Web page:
Global Policy Forum

Iraq: Fighters Fill Humanitarian Vacuum

Integrated Regional Information Networks
February 14, 2007

Militia fighters and insurgents responsible for much of the internecine violence in Iraq are also offering humanitarian assistance to their own communities to fill a vacuum left by the government and aid agencies. "It is the minimum that we can do as the Iraqi government is weak. Some people need medical assistance, others food and since they are our followers, we have to support them," said Ali Jalil, a spokesman for the Mahdi Army, commanded by religious leader Muqtadar al-Sadr and the most powerful Shia Muslim militia in the country.

Because of the high levels of insecurity in Iraq, most international aid agencies have left the country - the United Nations moved its agencies to Jordan in August 2003 following two deadly attacks on its Baghdad compound. Now, the Iraqi Red Crescent is the only aid agency working throughout the country, and even they have had their operations hampered by violence and it is becoming increasingly difficult for aid workers to gain access to the needy.

In recent months, fighters have been offering all kinds of assistance to their respective sectarian groups, from the provision of food supplies, clothes and blankets to physical security. "We have been looking for this assistance from different countries and organisations, which I prefer not to name as the [Iraqi] government might think they are supporting us with arms," Jalil said. "Mainly, we get assistance from all over Iraq, from thousands of donation boxes that are stuffed with cash every week after Friday prayers in mosques."

Assistance only for supporters

It is clear that such assistance is given only to those families who have relatives supporting a particular militia group, as was explained by Umm Hassan, 53, from Sadr city, a suburb of Baghdad controlled by the Mahdi Army. "One of my sons was hit by US troops and on the same day my other son had serious convulsions. I went to one of [Muqtadar] al-Sadr's offices in our district seeking help. The first question they asked me was if my boys were fighting under the name of the Mahdi Army. When I said they were, they gave me everything I wanted," Umm Hassan said. "But a month ago the same happened to the son of my neighbour who was shot by the Iraqi military. When she asked for their help and they knew he was not supporting the militia, they let him die of bleeding in the middle of the street," she said.

Hussein Azize is a humanitarian volunteer for the Mahdi Army and, in the absence of government assistance, said he is responsible for the social welfare of his community. "We protect our families, relatives and neighbours by providing services to them, giving constant aid and security," said Azize. "It is not fair to call us militias. We are armed groups which offer protection and which do much more through programmes of community assistance."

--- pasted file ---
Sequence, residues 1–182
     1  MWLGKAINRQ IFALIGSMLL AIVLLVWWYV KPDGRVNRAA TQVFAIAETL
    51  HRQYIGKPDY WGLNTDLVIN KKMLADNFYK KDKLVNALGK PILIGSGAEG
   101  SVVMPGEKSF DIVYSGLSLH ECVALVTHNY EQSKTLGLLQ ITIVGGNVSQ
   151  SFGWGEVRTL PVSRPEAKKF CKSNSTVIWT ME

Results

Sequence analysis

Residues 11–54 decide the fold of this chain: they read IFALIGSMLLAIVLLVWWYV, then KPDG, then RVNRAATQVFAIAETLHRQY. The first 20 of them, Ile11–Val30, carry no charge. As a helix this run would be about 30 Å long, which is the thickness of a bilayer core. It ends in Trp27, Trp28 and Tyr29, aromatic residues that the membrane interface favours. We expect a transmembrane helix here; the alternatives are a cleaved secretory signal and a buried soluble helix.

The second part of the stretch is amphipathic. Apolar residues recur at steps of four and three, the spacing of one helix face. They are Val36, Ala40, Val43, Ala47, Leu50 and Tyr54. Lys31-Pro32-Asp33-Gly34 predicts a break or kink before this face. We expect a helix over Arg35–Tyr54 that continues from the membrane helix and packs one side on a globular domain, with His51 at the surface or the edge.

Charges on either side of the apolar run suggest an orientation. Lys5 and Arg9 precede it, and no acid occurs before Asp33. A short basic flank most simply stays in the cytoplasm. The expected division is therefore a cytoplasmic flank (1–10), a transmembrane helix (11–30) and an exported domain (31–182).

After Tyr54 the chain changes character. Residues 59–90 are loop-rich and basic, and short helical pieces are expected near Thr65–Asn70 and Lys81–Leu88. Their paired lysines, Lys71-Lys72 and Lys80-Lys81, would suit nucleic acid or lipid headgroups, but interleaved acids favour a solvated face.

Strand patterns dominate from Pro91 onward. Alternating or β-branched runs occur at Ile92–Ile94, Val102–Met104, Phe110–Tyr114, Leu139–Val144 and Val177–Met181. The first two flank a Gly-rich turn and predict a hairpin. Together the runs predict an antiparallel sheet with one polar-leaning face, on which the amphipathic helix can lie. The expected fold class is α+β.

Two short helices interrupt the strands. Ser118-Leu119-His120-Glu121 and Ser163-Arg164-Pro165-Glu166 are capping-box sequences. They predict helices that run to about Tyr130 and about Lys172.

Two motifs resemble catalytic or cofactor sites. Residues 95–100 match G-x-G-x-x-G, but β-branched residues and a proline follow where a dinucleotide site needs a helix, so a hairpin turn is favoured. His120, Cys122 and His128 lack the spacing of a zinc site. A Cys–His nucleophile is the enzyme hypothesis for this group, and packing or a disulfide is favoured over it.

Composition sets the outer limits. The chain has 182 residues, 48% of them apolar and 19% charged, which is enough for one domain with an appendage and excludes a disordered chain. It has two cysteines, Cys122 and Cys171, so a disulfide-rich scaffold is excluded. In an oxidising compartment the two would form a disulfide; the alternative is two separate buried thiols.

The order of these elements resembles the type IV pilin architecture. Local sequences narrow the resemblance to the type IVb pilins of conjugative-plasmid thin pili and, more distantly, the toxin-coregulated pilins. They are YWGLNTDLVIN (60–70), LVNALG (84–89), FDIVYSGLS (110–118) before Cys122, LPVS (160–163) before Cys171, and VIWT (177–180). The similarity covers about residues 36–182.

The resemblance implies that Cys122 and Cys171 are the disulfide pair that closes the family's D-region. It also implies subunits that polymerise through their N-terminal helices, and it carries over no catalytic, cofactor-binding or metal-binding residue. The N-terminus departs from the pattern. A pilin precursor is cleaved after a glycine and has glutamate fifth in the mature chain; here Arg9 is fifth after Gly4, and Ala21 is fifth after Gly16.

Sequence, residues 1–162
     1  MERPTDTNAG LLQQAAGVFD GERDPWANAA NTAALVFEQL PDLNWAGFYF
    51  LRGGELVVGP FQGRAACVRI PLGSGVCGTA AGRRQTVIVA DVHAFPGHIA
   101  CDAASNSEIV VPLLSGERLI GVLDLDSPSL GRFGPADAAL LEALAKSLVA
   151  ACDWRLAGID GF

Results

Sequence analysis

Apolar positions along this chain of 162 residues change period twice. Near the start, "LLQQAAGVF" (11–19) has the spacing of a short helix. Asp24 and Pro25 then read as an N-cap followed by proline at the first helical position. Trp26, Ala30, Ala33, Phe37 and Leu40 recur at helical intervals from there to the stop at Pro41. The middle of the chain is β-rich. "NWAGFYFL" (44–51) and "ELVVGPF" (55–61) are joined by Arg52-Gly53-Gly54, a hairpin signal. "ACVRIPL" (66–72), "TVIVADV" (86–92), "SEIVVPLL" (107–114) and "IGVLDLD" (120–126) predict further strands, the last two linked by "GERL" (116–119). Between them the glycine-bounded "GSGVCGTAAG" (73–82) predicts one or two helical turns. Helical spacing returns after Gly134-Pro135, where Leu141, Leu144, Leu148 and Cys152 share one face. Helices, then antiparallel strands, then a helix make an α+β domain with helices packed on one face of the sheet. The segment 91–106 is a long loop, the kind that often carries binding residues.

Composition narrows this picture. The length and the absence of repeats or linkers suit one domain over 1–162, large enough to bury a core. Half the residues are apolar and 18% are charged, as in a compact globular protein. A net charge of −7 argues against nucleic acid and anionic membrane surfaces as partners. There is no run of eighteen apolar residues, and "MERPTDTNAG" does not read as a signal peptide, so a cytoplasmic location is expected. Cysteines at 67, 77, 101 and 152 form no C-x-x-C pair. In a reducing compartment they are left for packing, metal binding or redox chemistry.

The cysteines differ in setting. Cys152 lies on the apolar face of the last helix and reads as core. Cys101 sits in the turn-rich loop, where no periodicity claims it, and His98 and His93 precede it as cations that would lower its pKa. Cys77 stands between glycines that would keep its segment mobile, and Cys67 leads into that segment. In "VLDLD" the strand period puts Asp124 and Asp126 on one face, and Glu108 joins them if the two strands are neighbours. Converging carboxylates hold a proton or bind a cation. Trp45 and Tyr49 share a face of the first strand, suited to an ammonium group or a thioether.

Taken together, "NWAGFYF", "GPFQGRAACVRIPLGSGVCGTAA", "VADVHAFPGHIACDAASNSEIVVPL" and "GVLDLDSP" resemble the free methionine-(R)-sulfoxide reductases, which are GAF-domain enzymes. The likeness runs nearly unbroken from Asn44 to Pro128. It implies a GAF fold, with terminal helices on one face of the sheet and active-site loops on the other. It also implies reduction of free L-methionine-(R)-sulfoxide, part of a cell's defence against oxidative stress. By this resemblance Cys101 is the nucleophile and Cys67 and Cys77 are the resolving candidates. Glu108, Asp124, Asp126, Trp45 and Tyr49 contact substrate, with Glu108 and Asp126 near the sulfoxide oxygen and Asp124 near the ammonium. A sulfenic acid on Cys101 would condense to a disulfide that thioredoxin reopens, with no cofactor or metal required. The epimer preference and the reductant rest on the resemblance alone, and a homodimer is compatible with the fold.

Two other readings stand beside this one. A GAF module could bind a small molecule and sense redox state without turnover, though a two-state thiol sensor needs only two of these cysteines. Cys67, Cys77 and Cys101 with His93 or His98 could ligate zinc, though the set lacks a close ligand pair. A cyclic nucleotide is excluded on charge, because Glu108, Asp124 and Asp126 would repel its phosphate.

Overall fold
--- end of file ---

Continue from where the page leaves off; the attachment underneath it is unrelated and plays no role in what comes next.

It is not clear where armed groups such as the Mahdi Army get funds to provide humanitarian assistance or indeed for arms to augment their collections at the mosques. However, it is clear that their help is giving stability to hundreds of families in many neighbourhoods, especially in Baghdad. Recently, the Mahdi Army has been delivering gas and kerosene supplies to Shia districts in the capital.

Sunnis help their own

Sunni insurgent groups are also trying to develop their own humanitarian arms but their reach and funds are less than that of the Shia militias. Abu Ahmed, a spokesman for the Islamic Army, a Sunni insurgent group, said their welfare activities were limited because they were constantly targeted by Shia militias and US troops. "We were developing very good projects, especially in [the Sunni-dominated] Anbar province, offering supplies like food items and water with funds coming from different donors. But in the past few months, with the widespread sectarian violence, we have not been able to reach many families. We had to leave them without support and the government has not been giving them any kind of help," said Abu Ahmed. "We try to guarantee that aid workers get safely to hot spots and sometimes we try to collect money from Sunni families with better financial resources and buy food supplies to help," he added.

Mosques in Sunni-populated districts of the capital have played a big part in collecting money for aid. Sheikh Muhammad Rabia'a, representative of a Sunni mosque in the mostly Sunni Adhamiyah district, said that Sunni religious leaders have been continually reinforcing in their Friday sermons the importance of helping their fellow Sunnis. As a result, he said they receive supplies of food and clothes from Sunni families on a daily basis.

"Iraqis still have good hearts despite all this violence. Sunnis still suffer by being targeted with violence and someone should help them. If the government is unable to and NGOs cannot cope, we have to do it ourselves," Rabia'a said. While Sunnis and Shias have the respective armed groups to help and protect them, minorities such as Christians, Assyrians and Turkmen have no-one at all to turn to for assistance. Their only option is to flee to neighbouring countries.

"We have been ignored by the government and even with so many international appeals, we are still not being seen as an important group," said Lucas Barini, a Christian cleric and spokesman for the Christians Peace Association (CPA). "As minorities, we don't get the attention that Sunnis, Kurds and Shias do. We have to save our lives by fleeing outside the country."

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